Update: In class the other day, I mentuoned that Goldman Sachs will pay up to $5 billion as a settlement in a case in which the government determined that the firm had cheated investors. I asked whether GS would consider that a lot of money, based on the Bill Blunden article in our readings. Students answered no, due to the article's claim that JPMorgan laughed off a $13 billion settlement it agreed to in 2013. I had viewed it differently, as the article said that firms started paying attention at the level of $100,000. Turns out that I was off by a few 0s; the actual value Bill claimed was $100 million. :-) Still, that figure is a lot less than $5 billion. So, maybe GS considered that latter figure "real money" (a common Wall Street term) after all.

Friday, April 15, 8:45 p.m.

I've been asked if I really want you to read all 35 pages of the Carnevale report on STEM careers. Actually, a close inspection of all the charts and tables in those pages would be fine, with occasional reading of the accompanying text if something is unclear.

Friday, April 15, 5:00 p.m.

Well, I was going to suggest you watch the video on Elizabeth Warren here, but then I saw the notice, "Our Terms and Privacy Policy Have Changed." :-(

Thursday, April 14, 9:10 p.m.

Reading assignments for next week:

Thursday, April 14, 12:20 a.m.


Tuesday, April 12, 12:30 p.m.

Further reading (not required):

Update to case involving Yahoo! and Chinese dissidents.

Sunday, April 9, 8:30 p.m.

For Wednesday, be ready to discuss the Yahoo! and Sergey Brin articles.

Thursday, April 7, 11:35 p.m.

I've added another article on the Volkswagen scandal, "What Was Volkswagen Thinking?" Please read this for Monday's class. Actually, I had originally intended to include this article, but overlooked it when I compiled the list.

Thursday, April 7, 9:55 a.m.

Regarding Unix-family OSes, i.e. Linux and Mac OS: The vast majority of CS grads from UC-level schools (as opposed to, say, the CSUs) who get software development jobs do so at firms that are either exclusively or partly Unix-oriented. Windows is a great OS that has proven itself as a good vehicle for billions of nontechies around the world, but CS students are supposed to be power users, who for instance write their own scripts to automate tasks.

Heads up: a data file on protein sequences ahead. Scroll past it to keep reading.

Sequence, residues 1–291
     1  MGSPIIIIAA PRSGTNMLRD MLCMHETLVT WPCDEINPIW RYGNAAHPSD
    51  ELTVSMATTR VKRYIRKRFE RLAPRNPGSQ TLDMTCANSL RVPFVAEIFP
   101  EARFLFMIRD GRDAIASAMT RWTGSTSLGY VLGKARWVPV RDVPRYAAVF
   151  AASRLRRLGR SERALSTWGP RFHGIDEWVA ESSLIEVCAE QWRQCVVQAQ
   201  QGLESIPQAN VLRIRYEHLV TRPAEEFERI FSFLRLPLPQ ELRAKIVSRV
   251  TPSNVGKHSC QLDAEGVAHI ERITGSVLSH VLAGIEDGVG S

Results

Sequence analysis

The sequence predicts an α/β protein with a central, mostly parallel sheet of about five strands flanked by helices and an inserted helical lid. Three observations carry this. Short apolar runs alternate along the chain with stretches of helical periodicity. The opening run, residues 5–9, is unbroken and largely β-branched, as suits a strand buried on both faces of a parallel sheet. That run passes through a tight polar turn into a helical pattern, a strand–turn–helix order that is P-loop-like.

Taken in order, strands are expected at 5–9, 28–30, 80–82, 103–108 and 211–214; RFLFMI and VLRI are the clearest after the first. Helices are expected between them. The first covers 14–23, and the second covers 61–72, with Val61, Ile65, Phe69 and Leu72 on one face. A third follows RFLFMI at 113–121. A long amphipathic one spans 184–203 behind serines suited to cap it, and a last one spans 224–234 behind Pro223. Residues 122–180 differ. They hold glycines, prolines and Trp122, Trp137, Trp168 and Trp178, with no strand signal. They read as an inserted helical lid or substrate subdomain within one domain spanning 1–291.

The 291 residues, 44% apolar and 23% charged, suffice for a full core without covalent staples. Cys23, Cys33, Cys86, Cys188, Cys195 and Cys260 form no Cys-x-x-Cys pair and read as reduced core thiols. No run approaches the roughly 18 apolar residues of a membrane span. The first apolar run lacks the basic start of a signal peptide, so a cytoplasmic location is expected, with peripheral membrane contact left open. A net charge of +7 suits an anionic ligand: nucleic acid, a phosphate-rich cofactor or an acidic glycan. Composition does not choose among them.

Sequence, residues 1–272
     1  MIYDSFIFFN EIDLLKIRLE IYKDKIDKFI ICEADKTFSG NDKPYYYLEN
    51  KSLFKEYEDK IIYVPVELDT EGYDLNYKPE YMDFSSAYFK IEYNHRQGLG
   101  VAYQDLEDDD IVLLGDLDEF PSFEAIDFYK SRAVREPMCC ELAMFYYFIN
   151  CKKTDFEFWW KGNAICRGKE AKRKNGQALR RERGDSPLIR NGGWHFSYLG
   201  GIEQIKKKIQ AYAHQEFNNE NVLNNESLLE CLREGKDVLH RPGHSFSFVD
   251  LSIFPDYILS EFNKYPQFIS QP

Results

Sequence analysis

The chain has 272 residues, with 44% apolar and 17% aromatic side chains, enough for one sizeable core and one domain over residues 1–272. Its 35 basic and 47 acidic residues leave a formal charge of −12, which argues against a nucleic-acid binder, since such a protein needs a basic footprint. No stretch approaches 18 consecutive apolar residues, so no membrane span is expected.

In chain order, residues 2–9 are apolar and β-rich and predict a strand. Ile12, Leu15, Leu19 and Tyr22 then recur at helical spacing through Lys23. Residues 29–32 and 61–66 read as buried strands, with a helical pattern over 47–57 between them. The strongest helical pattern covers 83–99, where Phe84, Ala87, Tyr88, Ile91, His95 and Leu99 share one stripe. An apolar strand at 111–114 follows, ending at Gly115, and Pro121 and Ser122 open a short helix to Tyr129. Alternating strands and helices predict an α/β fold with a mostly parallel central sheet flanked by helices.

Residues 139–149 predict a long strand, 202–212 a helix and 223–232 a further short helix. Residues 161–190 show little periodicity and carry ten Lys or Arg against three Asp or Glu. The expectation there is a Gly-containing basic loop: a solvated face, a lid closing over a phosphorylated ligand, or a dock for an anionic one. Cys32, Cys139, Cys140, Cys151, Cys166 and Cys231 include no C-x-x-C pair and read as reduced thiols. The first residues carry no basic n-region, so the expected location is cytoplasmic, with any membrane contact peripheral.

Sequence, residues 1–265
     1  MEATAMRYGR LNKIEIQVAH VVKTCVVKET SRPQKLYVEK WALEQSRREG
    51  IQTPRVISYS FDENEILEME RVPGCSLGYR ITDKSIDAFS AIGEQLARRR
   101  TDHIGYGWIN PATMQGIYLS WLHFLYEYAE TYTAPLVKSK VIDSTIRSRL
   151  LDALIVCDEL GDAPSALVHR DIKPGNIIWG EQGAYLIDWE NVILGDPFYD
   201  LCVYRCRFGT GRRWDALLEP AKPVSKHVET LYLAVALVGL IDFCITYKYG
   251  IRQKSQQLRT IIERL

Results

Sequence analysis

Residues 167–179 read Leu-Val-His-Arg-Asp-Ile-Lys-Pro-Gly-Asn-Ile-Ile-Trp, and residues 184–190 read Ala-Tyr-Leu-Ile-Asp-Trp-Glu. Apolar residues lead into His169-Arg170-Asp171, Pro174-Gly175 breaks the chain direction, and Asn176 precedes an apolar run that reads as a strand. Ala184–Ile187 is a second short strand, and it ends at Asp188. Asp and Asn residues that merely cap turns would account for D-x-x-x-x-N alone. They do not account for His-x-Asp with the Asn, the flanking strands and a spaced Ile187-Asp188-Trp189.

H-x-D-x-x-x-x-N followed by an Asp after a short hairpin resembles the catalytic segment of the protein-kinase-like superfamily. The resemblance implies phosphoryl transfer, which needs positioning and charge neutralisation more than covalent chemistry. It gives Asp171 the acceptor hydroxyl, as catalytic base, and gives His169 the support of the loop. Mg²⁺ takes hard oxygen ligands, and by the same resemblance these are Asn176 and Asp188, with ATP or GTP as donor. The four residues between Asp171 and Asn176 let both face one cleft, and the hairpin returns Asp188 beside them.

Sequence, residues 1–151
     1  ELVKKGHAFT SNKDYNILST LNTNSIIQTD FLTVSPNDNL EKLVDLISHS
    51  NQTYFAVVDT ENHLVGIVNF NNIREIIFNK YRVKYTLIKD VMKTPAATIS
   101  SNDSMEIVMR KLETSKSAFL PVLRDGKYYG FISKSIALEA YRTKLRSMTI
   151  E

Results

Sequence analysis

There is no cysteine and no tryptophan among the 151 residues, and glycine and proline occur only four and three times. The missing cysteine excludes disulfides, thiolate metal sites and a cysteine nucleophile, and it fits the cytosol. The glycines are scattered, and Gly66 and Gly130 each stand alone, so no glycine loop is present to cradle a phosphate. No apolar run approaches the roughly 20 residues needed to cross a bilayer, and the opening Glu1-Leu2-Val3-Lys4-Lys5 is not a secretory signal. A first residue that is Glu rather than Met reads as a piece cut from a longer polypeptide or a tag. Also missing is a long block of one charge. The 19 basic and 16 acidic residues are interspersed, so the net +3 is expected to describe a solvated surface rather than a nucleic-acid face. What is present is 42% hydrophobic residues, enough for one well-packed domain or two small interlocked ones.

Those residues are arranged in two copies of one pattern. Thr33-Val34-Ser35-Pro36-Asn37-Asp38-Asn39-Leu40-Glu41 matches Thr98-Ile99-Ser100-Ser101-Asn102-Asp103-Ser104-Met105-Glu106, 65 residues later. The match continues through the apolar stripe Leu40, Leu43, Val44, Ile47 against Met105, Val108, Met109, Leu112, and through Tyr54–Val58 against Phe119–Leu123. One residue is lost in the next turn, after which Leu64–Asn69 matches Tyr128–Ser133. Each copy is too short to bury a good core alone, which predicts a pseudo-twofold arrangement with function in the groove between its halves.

Some years ago, Intel recruiters complained that UCD grads don't know Unix well, whereas for example UCB grads use Unix on a second-nature basis. What is wrong with Davis?

There is an interesting book by a journalist who worked at Google in marketing during the early days of the firm. He was using Windows, of course, and on his first day at work he needed some help on a technical matter. He was amazed that none of the engineers he sought help from knew Windows.

Expertise in Unix comes from using it for your daily tasks, NOT from coursework. I urge you to become expert in it. Just installing Linux is an education in itself; I urge you to try it out.

Wednesday, April 6, 8:20 a.m.

Readings for Friday: In the (new) PROFBUS section, Volkswagen, FBI (2), Yahoo!, Brin

Tuesday, April 5, 8:40 p.m.

In our readings list, I've expanded the PHIL section to PROFBUS, "Formal ethical codes, professional and business culture/responsiblity."

As noted at the top of the readings list, I may make changes to the list as we go.

Monday, April 4, 11:40 p.m.

As noted the other day here in the blog, and at the top of the readings list, some of the articles are free only if you access them from a UCD address. That is the case for the Sandberg article. Do NOT purchase any article for our course!